“So I think we have a big responsibility to take the utmost care of the pharma supply chain. Vaccines, blood serums, insulin all need to be specially handled. For example, if you have a vaccine and it gets frozen during the transport process, it’s now worthless. It’s no longer effective. So these goods must travel in a certain temperature range. In order to achieve that, the importance is the process, the training and the understanding.”
At Cargolux we created a new product department to handle and promote this type of commodity, and over the last ten years we have done tremendous work to accommodate healthcare. Internally, we have the Keepcool team, a cross-divisional team, including sales, operations, engineers, flight operations, the export-import team, all meeting together every month. We discuss and exchange ideas, work on the process, go to conferences built up network, so that we stay on the cutting edge of this business.”
Mr. Pouwels emphasizes the importance of well-defined procedures when handling cold chain products like pharmaceuticals, “
What really makes the difference in pharma is the process.
The ground handler, for example, has to know, how much time does your cargo spend on the ground? How fast can you get an inbound shipment to be picked up by a trucking company?” A well-tuned process operated by experienced staff ensures lower risk of a temperature excursion during the transport process.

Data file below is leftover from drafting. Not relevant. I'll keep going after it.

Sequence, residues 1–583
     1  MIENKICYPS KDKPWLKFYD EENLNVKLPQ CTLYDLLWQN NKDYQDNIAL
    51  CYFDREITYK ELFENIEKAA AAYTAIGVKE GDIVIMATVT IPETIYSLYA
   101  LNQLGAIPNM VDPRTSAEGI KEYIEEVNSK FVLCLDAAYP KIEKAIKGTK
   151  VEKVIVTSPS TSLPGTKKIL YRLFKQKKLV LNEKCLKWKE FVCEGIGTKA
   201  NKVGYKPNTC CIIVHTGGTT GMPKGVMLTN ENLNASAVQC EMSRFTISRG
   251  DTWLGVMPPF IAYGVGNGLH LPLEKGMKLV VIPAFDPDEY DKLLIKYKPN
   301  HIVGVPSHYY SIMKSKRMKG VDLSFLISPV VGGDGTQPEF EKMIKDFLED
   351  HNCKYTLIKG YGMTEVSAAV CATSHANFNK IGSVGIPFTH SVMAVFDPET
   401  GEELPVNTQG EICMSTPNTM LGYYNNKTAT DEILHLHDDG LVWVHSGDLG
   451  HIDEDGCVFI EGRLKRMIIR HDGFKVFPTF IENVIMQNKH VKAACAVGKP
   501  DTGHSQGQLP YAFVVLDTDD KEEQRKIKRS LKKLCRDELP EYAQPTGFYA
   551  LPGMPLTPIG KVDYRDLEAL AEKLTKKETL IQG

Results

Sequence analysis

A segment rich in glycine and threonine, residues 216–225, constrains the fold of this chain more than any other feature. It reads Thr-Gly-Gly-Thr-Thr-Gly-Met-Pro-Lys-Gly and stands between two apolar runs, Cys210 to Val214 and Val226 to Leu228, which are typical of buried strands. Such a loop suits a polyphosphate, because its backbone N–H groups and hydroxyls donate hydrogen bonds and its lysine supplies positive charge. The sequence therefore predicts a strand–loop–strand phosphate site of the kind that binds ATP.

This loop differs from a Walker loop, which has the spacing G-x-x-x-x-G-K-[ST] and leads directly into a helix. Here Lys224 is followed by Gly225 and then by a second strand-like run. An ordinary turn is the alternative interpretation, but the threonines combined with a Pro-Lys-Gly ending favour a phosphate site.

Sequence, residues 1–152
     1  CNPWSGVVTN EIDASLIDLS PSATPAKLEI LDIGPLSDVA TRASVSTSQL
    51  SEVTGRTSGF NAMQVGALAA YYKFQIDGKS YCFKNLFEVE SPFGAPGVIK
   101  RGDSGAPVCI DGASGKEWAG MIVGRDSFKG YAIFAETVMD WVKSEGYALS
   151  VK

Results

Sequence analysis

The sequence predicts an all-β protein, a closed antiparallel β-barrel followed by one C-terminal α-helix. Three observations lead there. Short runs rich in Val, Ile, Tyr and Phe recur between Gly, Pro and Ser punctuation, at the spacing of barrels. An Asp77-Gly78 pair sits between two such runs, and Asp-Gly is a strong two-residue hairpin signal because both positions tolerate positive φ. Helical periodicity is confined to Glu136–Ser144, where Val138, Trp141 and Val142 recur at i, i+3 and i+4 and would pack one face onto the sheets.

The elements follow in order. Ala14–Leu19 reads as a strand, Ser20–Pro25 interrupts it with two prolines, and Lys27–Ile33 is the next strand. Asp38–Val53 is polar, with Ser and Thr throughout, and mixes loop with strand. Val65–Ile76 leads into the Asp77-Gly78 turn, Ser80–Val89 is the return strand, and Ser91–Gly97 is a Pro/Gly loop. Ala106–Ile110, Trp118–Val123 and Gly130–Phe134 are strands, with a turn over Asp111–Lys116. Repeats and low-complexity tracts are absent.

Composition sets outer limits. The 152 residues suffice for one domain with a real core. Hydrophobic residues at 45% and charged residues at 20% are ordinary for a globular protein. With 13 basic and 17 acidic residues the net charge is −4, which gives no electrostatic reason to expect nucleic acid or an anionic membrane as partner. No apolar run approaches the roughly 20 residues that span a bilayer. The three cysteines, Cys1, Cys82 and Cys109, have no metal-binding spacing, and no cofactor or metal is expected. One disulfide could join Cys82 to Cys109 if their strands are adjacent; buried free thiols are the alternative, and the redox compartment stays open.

As the world’s population grows, the market for healthcare grows, and pharmaceutical transport will only become more important as time goes on. “Just take a look at the numbers coming out of Europe. A lot of healthcare products are being exported out of Europe. Developing economies all over the world, like the BRIC countries, are starting to invest in healthcare, so they’re importing more as well as producing their own. Healthcare is a stable business,” says Mr. Evangelakakis.
Because unbroken cold chains are so important to pharma transportation, there are a number of regulatory bodies that oversee the industry. In the United States, for instance, the FDA and the USDA have been some the leading proponents of strict standards for pharma and healthcare products imported into the country. Within the EU, the GDP, or Good Distribution Practice, has been published by the European Commission to act as a guide for the proper distribution of medicinal products for human use.